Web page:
London: The world's two biggest diamond miners are selling stones again after the industry all but halted supplies in a desperate attempt to stop a collapse in prices.
This year's rout that was driven by swelling inventories forced the sector to take radical steps to support the market. Russia's Alrosa in September halted all sales for two months, and was followed by buyers in India - the dominant cutting and trading center - voluntarily banning imports.
De Beers allowed its customers to refuse all gems they're contracted to buy.
There are now signs that the market is starting to pick up. Alrosa began selling rough diamonds again at the end of November, offloading more than $100 million, according to people familiar with the matter.
De Beers, which held its last sale of the year at the start of December, sold a similar amount.
No more of the pandemic sales luster
The industry has been whipsawed since the start of the pandemic. It had been one of the great winners as stuck-at-home shoppers turned to diamond jewelry and other luxury purchases. But demand quickly eased as economies reopened, leaving many in the trade holding excess stock that they'd paid too much for.
That cool down rapidly became a slump as the US, by far the industry's most important market, wobbled under rising inflation. Plus key growth market China was hit by a property crisis that hurt consumer confidence.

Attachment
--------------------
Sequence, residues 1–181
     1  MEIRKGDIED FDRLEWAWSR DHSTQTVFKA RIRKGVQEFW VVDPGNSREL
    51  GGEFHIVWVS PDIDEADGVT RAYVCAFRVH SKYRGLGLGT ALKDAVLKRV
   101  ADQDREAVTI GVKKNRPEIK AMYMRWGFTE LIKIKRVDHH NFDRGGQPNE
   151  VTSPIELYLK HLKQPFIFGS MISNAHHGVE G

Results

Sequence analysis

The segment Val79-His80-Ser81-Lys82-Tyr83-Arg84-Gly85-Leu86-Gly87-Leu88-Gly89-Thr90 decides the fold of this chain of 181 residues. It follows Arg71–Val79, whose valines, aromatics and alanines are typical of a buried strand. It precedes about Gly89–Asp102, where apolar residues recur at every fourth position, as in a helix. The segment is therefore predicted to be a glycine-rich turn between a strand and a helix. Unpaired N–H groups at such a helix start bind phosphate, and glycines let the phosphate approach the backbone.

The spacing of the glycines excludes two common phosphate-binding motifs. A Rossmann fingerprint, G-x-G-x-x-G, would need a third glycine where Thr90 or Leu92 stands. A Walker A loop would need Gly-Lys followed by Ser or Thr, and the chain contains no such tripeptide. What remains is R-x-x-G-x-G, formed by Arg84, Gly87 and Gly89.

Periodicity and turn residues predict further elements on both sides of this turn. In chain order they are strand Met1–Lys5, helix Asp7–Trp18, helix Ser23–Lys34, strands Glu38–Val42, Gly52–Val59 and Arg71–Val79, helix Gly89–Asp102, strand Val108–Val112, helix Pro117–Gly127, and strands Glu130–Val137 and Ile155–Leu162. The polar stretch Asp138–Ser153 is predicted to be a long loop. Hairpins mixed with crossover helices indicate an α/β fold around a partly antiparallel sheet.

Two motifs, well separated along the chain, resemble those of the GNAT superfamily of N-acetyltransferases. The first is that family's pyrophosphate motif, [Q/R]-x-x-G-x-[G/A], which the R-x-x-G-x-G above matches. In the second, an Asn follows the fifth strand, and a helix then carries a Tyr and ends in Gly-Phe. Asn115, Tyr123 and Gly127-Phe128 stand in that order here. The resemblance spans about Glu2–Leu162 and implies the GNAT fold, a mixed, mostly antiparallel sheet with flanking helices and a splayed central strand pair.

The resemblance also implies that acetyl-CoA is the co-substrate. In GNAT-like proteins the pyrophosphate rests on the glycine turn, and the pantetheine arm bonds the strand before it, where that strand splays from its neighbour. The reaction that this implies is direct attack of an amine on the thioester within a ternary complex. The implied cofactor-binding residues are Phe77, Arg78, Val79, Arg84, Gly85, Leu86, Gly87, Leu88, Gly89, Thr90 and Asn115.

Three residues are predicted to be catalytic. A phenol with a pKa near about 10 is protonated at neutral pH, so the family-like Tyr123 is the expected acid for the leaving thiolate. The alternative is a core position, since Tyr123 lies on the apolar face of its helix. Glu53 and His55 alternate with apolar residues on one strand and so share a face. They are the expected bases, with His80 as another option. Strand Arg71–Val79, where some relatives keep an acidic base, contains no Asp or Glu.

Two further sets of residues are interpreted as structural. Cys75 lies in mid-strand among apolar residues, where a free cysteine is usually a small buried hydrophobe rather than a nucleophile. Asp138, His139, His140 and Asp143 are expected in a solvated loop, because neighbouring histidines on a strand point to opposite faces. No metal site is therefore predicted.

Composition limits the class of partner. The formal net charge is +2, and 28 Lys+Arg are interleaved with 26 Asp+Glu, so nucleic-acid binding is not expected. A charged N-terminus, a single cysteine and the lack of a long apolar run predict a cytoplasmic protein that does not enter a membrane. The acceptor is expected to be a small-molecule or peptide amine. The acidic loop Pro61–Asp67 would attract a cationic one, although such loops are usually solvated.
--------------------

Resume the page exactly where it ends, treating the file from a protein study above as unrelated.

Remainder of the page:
To make things worse, lab-grown diamonds started making big gains in some key markets.
That left the industry with little choice but to choke off supply. Those efforts so far seem to be working, with some price gains for rough diamonds, though concerns still linger that fresh supplies from miners' large stockpiles could test the recovery.
Alrosa's recent sale saw it sell to just a handful of mostly India buyers, the people said. Many in the industry refused to deal with Russian gems as Western retailers said they didn't want to buy the stones. Before the war, Alrosa sold to about 50 customers each month.
And while De Beers has resumed sales, it still allowed buyers to reject goods they're contracted to buy. The unit of Anglo American has a long history of managing supply by stockpiling goods to prevent prices falling.
The miners' sales have been small compared with what the dominant producers usually expect to sell at this time of year. The rebound has also been driven by buyers who are short of stones and need new supplies to keep factories open, rather than strong demand for polished gems, the people said.
A more lasting recovery will demand on how robust jewelry sales are during the crucial holiday season, which spans from Thanksgiving to the Chinese New Year.